Welcome to my world, which primarily revolves around family, friends, sports of all stripes, and a passion for the written word! I'm a Boston-based freelance writer and editor, husband, father, hockey and soccer coach, and an unrepentant sports nut. And, like a lot of folks who refuse to grow up, I'm torn between Old School and "old's cool!" It's all about your perspective, and staying in the game.
I've been watching Stanley Cup celebrations since 1972 (when my current "hometown" team, the Boston Bruins, edged my first hockey love, the New York Rangers, in six). And it never, never gets old. Last night was a passing of the torch, as the upstart Pittsburgh Penguins, with three top overall draft picks (a testament to just how bad the team was a few short years ago), slipped past a veteran Detroit Red Wing squad in Game 7, 2-1, to take the hard-fought series, 4 games to 3. Admittedly, being an old jock myself, I was pulling for the aging Wings to have one last dance with Lord Stanley's Cup, and it looked like they were in command after a 5-0 drubbing of the Pens in Game 5. But the tenacious youngsters from Pittsburgh, led by three stars who couldn't grow a decent playoff beard between them -- goalie Marc-Andre "Gumby" Fleury, Evgeni "Gino" Malkin, and "Sid the Kid" Crosby -- came storming back to take the last two games. It was the stuff of champions, and Pittsburgh was a deserving champ.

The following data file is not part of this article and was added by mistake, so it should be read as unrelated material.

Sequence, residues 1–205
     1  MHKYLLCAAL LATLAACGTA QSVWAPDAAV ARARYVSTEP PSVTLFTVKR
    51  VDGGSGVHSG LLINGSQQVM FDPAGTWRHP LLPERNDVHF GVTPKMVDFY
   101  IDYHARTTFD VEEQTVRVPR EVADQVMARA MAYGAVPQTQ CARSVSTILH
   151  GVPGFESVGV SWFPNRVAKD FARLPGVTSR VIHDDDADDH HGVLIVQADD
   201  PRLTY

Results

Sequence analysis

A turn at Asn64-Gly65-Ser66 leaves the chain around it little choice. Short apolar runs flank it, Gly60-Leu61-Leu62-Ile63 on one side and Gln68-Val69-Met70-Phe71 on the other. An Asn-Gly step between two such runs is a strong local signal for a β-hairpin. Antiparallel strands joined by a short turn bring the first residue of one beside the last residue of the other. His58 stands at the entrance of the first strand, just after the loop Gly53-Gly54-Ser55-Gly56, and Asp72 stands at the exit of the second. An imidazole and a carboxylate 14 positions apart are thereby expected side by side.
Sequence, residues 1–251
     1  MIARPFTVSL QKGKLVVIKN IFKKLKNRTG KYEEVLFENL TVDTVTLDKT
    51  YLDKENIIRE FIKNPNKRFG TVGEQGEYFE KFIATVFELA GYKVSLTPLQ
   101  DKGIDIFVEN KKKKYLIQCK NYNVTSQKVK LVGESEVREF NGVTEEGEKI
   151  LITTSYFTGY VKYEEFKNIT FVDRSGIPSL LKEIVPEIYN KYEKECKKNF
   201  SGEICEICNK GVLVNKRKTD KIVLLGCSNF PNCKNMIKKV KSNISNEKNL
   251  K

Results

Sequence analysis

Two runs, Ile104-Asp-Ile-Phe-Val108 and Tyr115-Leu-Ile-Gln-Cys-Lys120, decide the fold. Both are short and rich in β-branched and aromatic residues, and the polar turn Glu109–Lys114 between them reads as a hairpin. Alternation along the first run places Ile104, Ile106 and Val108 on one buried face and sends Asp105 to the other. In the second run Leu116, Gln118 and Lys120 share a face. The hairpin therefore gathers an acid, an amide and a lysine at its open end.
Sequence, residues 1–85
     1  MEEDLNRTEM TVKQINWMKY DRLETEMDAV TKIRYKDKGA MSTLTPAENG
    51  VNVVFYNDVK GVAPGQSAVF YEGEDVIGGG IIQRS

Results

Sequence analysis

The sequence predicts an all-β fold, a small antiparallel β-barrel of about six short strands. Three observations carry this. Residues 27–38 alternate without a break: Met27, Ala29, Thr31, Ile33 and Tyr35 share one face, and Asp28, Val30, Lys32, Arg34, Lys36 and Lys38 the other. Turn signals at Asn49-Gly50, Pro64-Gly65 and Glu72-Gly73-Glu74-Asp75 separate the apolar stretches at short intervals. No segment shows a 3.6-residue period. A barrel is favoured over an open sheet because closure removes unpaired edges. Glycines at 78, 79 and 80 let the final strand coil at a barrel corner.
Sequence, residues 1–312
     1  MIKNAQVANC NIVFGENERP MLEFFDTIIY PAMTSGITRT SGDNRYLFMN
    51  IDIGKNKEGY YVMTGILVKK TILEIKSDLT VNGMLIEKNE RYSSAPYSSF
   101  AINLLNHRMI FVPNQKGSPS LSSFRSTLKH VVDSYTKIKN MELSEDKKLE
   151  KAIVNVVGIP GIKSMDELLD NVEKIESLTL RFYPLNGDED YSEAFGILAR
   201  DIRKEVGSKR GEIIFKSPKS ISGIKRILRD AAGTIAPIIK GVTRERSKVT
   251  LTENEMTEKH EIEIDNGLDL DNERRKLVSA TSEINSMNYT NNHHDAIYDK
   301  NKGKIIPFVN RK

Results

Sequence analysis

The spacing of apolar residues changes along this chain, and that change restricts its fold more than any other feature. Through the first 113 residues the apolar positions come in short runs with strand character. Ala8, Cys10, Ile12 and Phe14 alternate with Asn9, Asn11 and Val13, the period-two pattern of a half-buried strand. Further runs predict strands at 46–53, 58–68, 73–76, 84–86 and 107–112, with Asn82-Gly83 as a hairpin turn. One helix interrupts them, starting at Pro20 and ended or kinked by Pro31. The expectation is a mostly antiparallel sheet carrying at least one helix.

But what really grabbed me, after the last crazy scramble in front of Fleury's crease and the final horn, was the sheer exuberance of the victory celebration. I only hope Crosby, shown in the accompanying photo (somewhere, Tony "Stale Bread" Davenport is weeping in his orange & blue Islander pajamas), the youngest captain to ever hoist the Cup, understands just how fortunate he is!
The Stanley Cup is, without question, the most revered and most coveted of any major sports trophy. Quick, name another championship named after the trophy?!! Lord Stanley's Cup has taken on iconic status; it is hockey's Holy Grail. It has the power to make grown men cry, and those who hope to one day raise it overhead won't even touch it. That's some powerful magic.
Some of the best players to ever lace up a pair of skates, including two of my all-time favorite netminders -- Tony Esposito and Eddy Giacomin -- never won it. Another favorite, Raymond Bourque, the second best defenseman to ever don a Bruins jersey, had to OK a trade to the Colorado Avalanche to get his chance, and he made good on that one opportunity (so relieve was Bourque after finally hoisting the Cup that he promptly retired, leaving $6 million on the table). The players on the winning teams, all of them, have their names engraved in the polished rings that support the original Cup. In hockey terms, that's akin to immortality. And these Penguins, the long-struggling offspring of the great Mario Lemieux, will now see their names preserved forever. That's how it should be.